Vendsyssel Museum of Art is one of the few art museums where you can witness a close connections between the work of the artists and the characterful landscape outside the museum. Landscape art inspired by the the open sky, the wide view with fields, low wind-swept windbreakers and somewhere in the horizon the always present North Sea. Particularly the painters Svend Engelund (born 1908) and Johannes Hofmeister (1914-90) are influenced by the force of Vendsyssel (the part of North Jutland north of the fiord Limfjorden) and the North Sea in their paintings. Engelund by the flat and stringent landscape that he has time and time again portrayed and supplied with a certain colour poetry. And Hofmeister by the quite near, the few but characterful hills just outside the home and the frugal dunes in the coastal landscape.
Also younger artists such as Poul Winther (born 1939) and Poul Anker Bech (1942-2009) are strongly connected to the landscape, however expressing it very differently in their paintings.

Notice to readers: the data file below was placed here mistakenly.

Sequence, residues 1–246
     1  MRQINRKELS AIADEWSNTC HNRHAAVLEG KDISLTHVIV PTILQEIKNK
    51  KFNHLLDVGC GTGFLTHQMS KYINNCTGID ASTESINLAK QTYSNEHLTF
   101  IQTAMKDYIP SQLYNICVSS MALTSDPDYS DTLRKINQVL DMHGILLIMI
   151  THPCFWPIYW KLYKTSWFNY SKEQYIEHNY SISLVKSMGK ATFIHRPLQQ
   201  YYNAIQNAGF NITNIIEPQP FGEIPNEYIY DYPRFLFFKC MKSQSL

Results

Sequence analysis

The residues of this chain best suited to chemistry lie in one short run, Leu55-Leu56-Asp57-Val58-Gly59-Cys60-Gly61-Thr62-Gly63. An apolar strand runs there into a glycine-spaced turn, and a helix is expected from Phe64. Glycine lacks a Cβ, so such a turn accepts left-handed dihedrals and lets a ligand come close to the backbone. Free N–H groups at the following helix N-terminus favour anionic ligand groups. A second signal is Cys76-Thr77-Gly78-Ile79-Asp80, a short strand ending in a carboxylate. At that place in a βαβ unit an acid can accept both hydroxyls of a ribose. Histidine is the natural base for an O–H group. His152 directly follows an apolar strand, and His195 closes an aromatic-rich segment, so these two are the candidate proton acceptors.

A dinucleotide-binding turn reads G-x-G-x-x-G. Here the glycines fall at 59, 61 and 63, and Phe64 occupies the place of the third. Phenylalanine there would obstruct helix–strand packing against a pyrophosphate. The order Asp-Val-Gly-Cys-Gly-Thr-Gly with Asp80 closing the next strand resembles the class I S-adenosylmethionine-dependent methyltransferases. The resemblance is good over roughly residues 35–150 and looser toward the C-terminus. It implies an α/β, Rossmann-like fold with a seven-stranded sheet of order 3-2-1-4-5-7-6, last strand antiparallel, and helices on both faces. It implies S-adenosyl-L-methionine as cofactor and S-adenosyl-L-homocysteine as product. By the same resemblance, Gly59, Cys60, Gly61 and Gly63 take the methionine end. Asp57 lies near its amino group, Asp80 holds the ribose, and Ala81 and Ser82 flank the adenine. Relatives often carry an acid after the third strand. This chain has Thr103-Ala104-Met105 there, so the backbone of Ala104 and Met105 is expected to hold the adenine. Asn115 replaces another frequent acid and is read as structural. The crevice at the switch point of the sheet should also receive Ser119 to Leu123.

Besides main works by the above-mentioned artists the museum's collections contains works by Agnete Bjerre (born 1924), Anna Maria Lütken (1916-2001), Poul Ekelund (1921-76), Arne L. Hansen (1921-2009), Søren Elgaard (born 1951), Emil Gregersen (1921-93), Frede Christoffersen (1919-87) and others. They are all associated with the region, as laid down in the museum regulations: To concentrate on modern Danish art associated with Northern Jutland.
The museum's collections also include sculpture, graphics and handicraft. Erland Knudssøn Madsen (born 1942) and Kurt Tegtmeier (born 1950) are strongly represented among Vendsyssel Museum of Art's sculptors.
The graphic collection originates from I. Chr. Sørensen's lithographic workshop in Hjørring 1973-83, since 1983 Det Grafiske Værksted (The Graphic Workshop) in Hjørring. Among others the graphics artist Poul Skov Sørensen (born 1951) is represented with a large collection. A number of Scandinavian artists make use of the workshop and are therefore representered, among others the Swedish artist Roj Friberg (born 1934).
In Northern Jutland we have a handful of significant craftsmen and gradually the museum has established a brilliant collection of their works. They are the textile artists Berit Hjelholt (1920-2016) and Jenny Hansen (born 1951), the silver and goldsmiths Bent Exner (1932-2006), Hanne Behrens (born 1950) and Henrik Bløndal Bengtsson (born 1960) as well as the ceramic artist Tove Anderberg (born 1942). The museum has a considerable collection of the last-mentioned.